HomeLatest ThreadsGreatest ThreadsForums & GroupsMy SubscriptionsMy Posts
DU Home » Latest Threads » The_jackalope » Journal
Page: 1


Profile Information

Member since: Sun Jun 4, 2017, 04:46 PM
Number of posts: 1,660

Journal Archives

Climate change: Why is it so often "sooner than predicted"?

Found some time in the future, engraved on a giant slab of rock (think Georgia Guidestones):

"To the Next Ones: Sorry we missed you. We had to depart sooner than expected.
H. sapiens"

Climate Change: Why is it so often “sooner than predicted”?

  • “As the Climate Council has reported, hot days have doubled in Australia over the past half-century. During the decade from 2000 to 2009, heatwaves reached levels not expected until the 2030s. The anticipated impacts from climate change are arriving more than two decades ahead of schedule.” [“‘It’s been hot before’: faulty logic skews the climate debate,” The Conversation, February 20, 2014]
  • “Climate change will reduce crop yields sooner than thought” (University of Leeds study) [Science Daily, March 16, 2014]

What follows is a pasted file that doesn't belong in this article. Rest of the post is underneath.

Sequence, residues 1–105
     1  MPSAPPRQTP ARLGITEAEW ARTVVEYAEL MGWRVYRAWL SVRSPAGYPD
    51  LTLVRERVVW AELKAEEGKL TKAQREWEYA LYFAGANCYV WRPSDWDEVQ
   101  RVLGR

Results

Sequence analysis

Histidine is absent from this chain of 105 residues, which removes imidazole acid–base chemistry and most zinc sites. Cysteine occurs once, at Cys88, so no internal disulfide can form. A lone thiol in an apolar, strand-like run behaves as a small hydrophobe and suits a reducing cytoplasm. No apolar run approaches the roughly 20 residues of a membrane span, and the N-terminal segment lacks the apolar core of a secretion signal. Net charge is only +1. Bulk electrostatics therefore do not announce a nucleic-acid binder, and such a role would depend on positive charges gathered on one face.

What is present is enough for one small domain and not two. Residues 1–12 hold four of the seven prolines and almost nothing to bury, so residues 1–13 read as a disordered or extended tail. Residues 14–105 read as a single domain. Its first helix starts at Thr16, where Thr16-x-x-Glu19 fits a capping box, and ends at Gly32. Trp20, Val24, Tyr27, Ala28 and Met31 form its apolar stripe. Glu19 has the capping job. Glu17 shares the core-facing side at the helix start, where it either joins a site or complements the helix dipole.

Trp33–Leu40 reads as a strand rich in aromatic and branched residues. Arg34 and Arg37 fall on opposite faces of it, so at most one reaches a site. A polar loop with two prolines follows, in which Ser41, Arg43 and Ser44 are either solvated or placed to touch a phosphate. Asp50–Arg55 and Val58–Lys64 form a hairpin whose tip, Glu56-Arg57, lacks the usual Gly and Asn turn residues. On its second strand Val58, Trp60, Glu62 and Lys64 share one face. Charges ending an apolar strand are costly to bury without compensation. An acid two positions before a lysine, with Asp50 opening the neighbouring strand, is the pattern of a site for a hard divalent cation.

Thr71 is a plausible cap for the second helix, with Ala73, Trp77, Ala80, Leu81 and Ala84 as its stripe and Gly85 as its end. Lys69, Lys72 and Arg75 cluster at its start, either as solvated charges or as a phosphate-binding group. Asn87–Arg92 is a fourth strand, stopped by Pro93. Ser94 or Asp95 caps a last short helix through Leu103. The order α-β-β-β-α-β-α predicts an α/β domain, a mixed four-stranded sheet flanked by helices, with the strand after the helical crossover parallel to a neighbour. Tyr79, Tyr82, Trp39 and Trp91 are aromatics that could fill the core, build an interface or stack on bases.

• “New research shows climate change will reduce crop yields sooner than expected” (different study) [Arizona State University, March 25, 2014]
  • “Dangerous global warming will happen sooner than thought – study: Australian researchers say a global tracker monitoring energy use per person points to 2C warming by 2030″ [The Guardian, 9 March 2016]
  • “Scientists Warn Drastic Climate Impacts Coming Much Sooner Than Expected: Former NASA scientist James Hansen argues the new study requires much faster action reducing greenhouse gases.” [Inside Climate News, Mar 22, 2016]
  • “Florida Reefs Are Dissolving Much Sooner Than Expected” [ClimateCentral, May 3, 2016]
  • “Scientists caught off-guard by record temperatures linked to climate change:” “We predicted moderate warmth for 2016, but nothing like the temperature rises we’ve seen” [Thomson Reuters Foundation, July 26, 2016]
  • “Ice-free Arctic may happen much sooner than predicted so far: study” [DownToEarth, 16 August 2018]
  • “Ground that is not freezing in the Arctic winter could be a sign the region is warming faster than believed” [“Scientists surprised to find some Arctic soil may not be freezing at all even in winter,” CNBC, Aug 22 2018]
  • “Paris global warming targets could be exceeded sooner than expected because of melting permafrost, study finds” [Independent, 17 September 2018]
  • “Climate change impacts worse than expected, global report warns” [National Geographic, October 7, 2018]
  • “Ocean Warming is Accelerating Faster Than Thought, New Research Finds” [NY Times, Jan 10th, 2019]